Rethinking Points of Departure

New York City is [planning to erect street signs]( that will help pedestrians get around the city. The Department of Transportation says the signs are meant to promote walking, but that strikes me as a rather limited goal.

The sign project reminds me of [a session I went to]( at the Festival of Ideas for the New City where participants got most excited about the ideas of creating hubs of information and options at points where people make decisions about their transportation. Imagine if, when you got out of a major subway station, there was a sign that gave you information about walking, a clear map of bus routes serving that neighborhood, and a bike share station. This isn't a crazy idea: now that D.C.'s Union Station has a bike share station on top of a metro stop, a bus stop for regular and Circulator routes, and a view of the Capitol, it offers this suite of options, more or less.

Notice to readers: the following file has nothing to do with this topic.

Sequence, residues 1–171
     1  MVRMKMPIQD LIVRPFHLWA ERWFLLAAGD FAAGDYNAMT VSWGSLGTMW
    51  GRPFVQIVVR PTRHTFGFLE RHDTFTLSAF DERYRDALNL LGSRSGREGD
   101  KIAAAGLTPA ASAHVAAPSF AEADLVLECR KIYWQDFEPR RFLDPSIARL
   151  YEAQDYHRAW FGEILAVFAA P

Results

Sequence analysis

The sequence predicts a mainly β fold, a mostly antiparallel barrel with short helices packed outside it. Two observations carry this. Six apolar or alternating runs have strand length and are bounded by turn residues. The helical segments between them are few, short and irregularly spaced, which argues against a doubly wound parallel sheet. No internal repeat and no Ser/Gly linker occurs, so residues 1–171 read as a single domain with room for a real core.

It's certainly a good idea for New York to make walking more accessible to people by helping them navigate confusing city streets, but, really, the city should be encouraging visitors and citizens to travel in any way besides a cab. What about the person who thinks 30 minutes is too far to walk but would happily ride a bike 10 minutes to get to the same place? Right now, it's easiest to skip the walk or to take a cab. In these situations, governments can be most helpful by creating multiple, lower-carbon options for people at the points where they make choices about what they're going to do next.